Governor Appoints Two Women as Fresno County Judges
A local immigration attorney and a public defender are joining the Fresno County Superior Court bench.
Gov. Gavin Newsom appointed Virna Santos and Stephanie Negin as judges, his office announced Monday. Both women are Democrats.
This is Newsom’s eighth Fresno County Superior Court appointment in his first term.
Fresno County now has 44 of its 45 seats filled. The last remaining seat is up for election this June. Bob Whalen, a Clovis City Councilman and Fresno County deputy district attorney, is the only name on the ballot. If he wins, he will take his seat next January.
One other Fresno County judge, Ana de Alba, was nominated to a federal judgeship. A hearing to confirm her has not been scheduled by the U.S. Senate.
Santos Represented Councilmembers
Santos, 56, most recently operated a private practice, focusing on immigration law. She also worked as an attorney for the federal government in the U.S. Attorney’s Office in Fresno and for the Embassy in Colombia.
“I am humbled by the trust the Governor has placed in me. I will be honored to serve the people of Fresno every day in this new facet of my public service career,” Santos told GV Wire by email.
Last year, Santos represented four Fresno City Councilmembers — Miguel Arias, Nelson Esparza, Tyler Maxwell, and Esmeralda Soria — when Fresno County District Attorney Lisa Smittcamp investigated them for a possible violation of the state’s open meeting law. The councilmembers were cleared of wrongdoing.
The Harvard-educated Santos replaces the late Gary Hoff, who retired in January. She will be up for election for a full six-year term in 2024.
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Negin Comes from County Public Defender’s Office
Negin, 40, has spent her entire 15-year legal career with the Fresno Public Defender’s office. She was born and raised in Fresno, attending Edison High School before college at Occidental and earning her law degree from Thomas Jefferson School of Law in San Diego.
“I was shocked and I’m so humbled and blessed to be given this opportunity and to serve in Fresno County in this way,” Negin said. “I’m ready for the challenge.”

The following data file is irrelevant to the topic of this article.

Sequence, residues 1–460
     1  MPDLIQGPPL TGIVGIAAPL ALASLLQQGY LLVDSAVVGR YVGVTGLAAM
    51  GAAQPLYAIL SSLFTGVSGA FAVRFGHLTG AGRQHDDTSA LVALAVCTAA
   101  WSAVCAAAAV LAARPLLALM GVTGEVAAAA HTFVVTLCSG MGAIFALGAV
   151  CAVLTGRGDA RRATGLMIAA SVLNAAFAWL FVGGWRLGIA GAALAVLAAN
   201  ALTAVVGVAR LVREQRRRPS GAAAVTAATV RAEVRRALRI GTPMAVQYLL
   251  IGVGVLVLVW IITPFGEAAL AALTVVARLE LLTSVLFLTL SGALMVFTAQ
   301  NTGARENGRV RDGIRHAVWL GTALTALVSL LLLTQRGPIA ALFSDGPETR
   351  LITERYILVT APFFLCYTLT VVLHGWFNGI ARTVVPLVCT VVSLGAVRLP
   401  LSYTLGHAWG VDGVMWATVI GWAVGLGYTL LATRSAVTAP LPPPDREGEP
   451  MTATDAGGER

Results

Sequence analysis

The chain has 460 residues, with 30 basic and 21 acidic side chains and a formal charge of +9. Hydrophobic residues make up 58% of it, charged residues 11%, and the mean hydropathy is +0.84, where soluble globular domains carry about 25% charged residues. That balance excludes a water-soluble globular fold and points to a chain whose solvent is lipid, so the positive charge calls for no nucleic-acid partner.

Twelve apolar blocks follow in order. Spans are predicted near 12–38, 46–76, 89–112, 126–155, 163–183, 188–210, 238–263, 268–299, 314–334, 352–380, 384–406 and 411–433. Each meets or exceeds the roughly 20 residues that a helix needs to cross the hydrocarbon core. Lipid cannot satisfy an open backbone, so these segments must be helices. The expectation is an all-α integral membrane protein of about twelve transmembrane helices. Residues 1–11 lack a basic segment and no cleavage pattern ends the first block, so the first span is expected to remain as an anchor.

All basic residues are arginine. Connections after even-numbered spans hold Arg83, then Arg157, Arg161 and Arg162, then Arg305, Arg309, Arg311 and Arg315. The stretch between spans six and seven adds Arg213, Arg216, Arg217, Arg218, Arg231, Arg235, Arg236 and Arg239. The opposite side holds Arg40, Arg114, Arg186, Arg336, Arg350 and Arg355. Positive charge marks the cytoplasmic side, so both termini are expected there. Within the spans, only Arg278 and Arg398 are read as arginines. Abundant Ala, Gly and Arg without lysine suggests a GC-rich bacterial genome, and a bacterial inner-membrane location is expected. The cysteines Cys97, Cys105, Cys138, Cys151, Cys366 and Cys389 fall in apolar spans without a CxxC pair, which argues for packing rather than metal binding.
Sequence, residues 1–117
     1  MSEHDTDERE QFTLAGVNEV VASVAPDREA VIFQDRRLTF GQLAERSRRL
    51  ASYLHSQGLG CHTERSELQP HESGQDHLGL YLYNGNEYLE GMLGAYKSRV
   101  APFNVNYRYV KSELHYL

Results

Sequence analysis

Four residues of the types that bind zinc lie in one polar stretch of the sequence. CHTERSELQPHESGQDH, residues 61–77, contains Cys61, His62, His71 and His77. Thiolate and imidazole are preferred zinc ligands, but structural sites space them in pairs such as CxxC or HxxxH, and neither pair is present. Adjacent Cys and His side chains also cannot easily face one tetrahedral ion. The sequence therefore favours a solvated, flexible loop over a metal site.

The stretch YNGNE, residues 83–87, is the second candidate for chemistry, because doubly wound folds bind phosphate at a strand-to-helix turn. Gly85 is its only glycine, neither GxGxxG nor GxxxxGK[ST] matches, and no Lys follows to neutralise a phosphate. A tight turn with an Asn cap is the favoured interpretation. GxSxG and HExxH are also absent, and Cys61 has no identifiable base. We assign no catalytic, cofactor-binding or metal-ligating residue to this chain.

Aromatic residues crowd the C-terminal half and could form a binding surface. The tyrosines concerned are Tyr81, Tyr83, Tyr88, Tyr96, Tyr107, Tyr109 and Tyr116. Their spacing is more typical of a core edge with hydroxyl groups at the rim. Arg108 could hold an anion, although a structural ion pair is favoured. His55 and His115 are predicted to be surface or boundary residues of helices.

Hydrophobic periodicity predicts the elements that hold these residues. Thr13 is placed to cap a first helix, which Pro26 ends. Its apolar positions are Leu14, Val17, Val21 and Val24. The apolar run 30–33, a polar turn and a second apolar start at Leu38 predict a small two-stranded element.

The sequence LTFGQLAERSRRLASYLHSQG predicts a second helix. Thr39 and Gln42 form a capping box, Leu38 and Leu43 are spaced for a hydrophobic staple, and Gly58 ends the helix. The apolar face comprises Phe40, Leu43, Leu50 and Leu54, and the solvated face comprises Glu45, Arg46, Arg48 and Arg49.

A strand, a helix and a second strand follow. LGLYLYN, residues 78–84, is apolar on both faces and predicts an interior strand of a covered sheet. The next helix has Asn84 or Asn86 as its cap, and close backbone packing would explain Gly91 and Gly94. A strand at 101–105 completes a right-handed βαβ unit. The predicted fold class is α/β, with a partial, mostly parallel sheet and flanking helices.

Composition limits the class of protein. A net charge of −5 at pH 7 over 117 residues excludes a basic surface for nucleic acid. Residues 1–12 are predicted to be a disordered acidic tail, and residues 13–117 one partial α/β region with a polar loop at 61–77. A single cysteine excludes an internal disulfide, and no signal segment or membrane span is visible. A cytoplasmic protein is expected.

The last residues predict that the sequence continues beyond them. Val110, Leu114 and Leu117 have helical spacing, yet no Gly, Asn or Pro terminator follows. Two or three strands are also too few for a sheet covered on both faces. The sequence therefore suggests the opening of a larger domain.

Her parents and grandparents nurtured in her the value of public service. She works with the local B’nai B’rith organization — a group that helps fund college scholarships for student athletes, founded in part by her grandfather — and serves on the board of the Poverello House.
“The idea of giving back is something that they really instilled upon me at a very young age,” Negin said.
Negin replaces Debra Kazanjian, who retired last year. She will be up for election for a full six-year term in 2024.
“I was able to get to know her through the community service work. She is an incredible woman and I’m honored to take her seat,” Negin said.
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Negin’s Boss Ecstatic
“There couldn’t be a better person to be on the bench. She’s fair, she’s compassionate. She’s a hard worker.” — Fresno County Public Defender Antoinette Taillac
Antoinette Taillac, the Fresno County public defender, supports Negin’s appointment.
“There couldn’t be a better person to be on the bench. She’s fair, she’s compassionate. She’s a hard worker. She’s a great role model for all the younger attorneys in my office. She has an impeccable work ethic and she’s got a great reputation with the judges,” Taillac said.
Taillac says it has been at least 30 years since an attorney was appointed directly to a judgeship from the Fresno County Public Defender’s office. She said public defender attorneys do not usually apply to become judges because appointments are usually from the district attorney’s side.
“I think this is a very positive step forward because I think we need diversity on the bench,” Taillac said. “We have a lot to offer the bench, and I think we have a group of very dedicated, hard-working attorneys who are really bright.”
Two other Newsom recent picks, Charles Lee and Irena Luna, both worked as public defenders, but for different agencies other than Fresno County.